France has had an increase in the number of people killed on the roads, with almost 3,500 being reported in 2016. To help cut down on that number, drivers are being ordered to put away their smartphones, even if they are pulled off to the side of the road.
The government promised to start revoking driving permits of offenders in January if they were caught using their phones, but a French court went even further by saying that a driver can't even use the phone while they are off the highway, unless they are in a designated parking area such as a public garage or private driveway.
The case came about after a driver was given a citation while pulled off to the side of the road with his hazard lights on. The driver was fined €135 and assessed three points on his license. He went to court, but the judge ruled against him.
Apparently, there is an exception to the rule, however. Drivers can use their phones if their vehicle is disabled on the side of the road.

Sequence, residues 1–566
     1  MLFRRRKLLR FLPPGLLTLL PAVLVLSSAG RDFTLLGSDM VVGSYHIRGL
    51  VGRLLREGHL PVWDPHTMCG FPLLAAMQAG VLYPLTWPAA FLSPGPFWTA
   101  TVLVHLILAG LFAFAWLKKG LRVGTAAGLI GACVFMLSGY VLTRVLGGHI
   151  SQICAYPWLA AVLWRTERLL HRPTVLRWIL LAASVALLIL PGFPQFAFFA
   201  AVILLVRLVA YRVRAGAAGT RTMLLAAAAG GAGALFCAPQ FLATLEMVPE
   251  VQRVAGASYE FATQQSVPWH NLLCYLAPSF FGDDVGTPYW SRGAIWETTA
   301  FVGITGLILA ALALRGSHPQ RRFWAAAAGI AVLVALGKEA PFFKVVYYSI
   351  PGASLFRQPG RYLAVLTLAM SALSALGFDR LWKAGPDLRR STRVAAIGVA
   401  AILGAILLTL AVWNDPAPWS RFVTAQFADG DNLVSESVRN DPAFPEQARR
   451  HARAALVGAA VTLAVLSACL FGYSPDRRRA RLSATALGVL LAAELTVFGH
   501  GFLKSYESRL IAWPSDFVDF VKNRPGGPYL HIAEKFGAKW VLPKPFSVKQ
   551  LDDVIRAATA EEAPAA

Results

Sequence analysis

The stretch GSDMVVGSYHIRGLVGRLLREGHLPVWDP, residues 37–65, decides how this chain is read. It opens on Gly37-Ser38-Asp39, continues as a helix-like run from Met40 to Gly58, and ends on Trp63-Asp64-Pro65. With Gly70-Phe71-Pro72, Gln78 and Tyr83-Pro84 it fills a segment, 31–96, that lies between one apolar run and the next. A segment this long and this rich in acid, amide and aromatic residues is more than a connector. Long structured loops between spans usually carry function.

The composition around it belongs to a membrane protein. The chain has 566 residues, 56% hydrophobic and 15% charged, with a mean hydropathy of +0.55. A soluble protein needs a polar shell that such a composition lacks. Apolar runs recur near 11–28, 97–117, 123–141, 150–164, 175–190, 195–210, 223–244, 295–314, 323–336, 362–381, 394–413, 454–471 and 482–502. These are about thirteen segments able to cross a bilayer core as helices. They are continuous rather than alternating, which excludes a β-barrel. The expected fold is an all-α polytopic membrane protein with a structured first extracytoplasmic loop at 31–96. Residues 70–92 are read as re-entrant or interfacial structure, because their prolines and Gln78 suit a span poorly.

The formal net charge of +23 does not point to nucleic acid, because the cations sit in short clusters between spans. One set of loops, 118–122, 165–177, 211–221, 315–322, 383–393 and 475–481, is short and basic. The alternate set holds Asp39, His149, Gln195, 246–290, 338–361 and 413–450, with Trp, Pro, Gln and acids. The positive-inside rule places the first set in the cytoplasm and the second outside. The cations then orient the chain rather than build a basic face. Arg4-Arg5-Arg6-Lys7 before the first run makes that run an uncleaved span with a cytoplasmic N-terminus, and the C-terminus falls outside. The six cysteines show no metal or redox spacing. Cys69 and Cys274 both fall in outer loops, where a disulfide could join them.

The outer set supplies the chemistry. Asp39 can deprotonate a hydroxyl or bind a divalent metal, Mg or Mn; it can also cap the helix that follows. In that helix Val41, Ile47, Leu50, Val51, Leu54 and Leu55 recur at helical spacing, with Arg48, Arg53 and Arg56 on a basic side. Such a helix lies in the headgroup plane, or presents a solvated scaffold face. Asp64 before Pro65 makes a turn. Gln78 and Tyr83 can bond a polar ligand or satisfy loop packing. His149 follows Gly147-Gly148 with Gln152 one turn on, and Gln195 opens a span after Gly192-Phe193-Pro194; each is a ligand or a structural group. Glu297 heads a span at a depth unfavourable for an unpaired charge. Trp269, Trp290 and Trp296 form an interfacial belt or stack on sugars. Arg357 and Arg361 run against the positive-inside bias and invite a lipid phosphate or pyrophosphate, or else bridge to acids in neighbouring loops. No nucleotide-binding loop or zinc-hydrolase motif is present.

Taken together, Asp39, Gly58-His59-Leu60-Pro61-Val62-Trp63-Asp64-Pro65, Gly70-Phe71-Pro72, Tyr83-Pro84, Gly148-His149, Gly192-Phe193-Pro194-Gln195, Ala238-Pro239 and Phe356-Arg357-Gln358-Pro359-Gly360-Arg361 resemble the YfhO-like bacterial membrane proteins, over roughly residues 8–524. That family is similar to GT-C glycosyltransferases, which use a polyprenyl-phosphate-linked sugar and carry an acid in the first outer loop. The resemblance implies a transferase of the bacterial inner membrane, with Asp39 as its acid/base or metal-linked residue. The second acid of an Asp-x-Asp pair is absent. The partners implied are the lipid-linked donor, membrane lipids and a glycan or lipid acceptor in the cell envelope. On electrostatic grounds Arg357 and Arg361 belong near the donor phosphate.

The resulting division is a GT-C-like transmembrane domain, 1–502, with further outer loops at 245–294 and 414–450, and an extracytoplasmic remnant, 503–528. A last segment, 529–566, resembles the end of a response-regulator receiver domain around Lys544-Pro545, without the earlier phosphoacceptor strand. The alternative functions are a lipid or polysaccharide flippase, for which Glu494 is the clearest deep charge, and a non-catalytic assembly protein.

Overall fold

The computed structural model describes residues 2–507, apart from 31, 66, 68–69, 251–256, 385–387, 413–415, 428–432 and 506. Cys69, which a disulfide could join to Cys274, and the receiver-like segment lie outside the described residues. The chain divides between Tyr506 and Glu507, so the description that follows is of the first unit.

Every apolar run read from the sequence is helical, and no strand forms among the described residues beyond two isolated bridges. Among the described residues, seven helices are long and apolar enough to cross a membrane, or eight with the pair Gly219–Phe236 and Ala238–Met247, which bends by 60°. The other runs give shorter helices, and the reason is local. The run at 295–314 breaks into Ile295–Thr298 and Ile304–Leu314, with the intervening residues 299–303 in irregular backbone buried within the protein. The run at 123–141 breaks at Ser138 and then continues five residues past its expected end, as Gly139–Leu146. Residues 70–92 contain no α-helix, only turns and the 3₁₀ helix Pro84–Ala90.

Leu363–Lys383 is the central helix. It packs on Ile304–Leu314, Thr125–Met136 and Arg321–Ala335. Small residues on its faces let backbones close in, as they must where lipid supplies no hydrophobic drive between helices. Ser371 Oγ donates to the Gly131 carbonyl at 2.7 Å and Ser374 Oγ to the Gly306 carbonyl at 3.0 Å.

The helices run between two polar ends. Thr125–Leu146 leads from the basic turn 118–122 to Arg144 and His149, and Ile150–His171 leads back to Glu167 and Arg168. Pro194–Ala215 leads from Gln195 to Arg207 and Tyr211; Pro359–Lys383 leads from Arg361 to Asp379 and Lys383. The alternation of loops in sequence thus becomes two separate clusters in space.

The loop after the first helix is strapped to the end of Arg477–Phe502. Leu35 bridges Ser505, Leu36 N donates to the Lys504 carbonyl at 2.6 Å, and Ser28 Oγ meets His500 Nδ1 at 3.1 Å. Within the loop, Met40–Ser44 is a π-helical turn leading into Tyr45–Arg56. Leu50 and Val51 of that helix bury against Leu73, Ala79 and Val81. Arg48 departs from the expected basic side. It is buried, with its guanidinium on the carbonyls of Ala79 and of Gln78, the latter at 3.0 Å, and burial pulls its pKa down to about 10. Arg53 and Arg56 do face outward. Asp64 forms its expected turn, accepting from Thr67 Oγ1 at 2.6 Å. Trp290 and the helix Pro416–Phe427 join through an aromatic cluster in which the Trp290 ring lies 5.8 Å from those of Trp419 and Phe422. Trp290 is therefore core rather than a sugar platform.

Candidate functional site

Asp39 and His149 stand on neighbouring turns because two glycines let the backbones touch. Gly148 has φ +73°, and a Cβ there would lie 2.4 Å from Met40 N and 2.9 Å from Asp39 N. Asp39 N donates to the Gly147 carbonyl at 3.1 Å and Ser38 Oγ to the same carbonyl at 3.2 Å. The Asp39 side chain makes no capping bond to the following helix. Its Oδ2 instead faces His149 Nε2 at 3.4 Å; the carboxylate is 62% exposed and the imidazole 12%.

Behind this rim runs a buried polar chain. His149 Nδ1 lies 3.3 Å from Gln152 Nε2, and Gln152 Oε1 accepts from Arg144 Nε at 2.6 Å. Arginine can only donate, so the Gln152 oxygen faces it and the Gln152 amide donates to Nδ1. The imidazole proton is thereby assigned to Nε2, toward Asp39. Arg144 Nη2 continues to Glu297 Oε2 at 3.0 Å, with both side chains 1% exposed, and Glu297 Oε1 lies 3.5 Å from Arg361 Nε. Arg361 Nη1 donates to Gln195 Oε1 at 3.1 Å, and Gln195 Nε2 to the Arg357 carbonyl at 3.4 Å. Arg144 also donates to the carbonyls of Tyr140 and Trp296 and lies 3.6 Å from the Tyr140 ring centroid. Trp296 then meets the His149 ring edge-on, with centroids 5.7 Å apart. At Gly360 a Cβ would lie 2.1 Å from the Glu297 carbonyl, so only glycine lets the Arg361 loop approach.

The government's proposed rule change - and the crackdown by the courts - comes in the wake of France having more than 300,000 drivers cited for using their phones while driving in 2015, and mortality rates on the rise since 2014. France even banned hands-free kits in 2015, although vehicles themselves that are equipped with Bluetooth phone connections are allowed as long as the phone itself is out of sight.
Some countries have similar restrictions. The United States, for example, allows the states to decide whether drivers can use their cellphones while behind the wheel. The U.K. also has had a law in place prohibiting the use of phones while driving since 2003.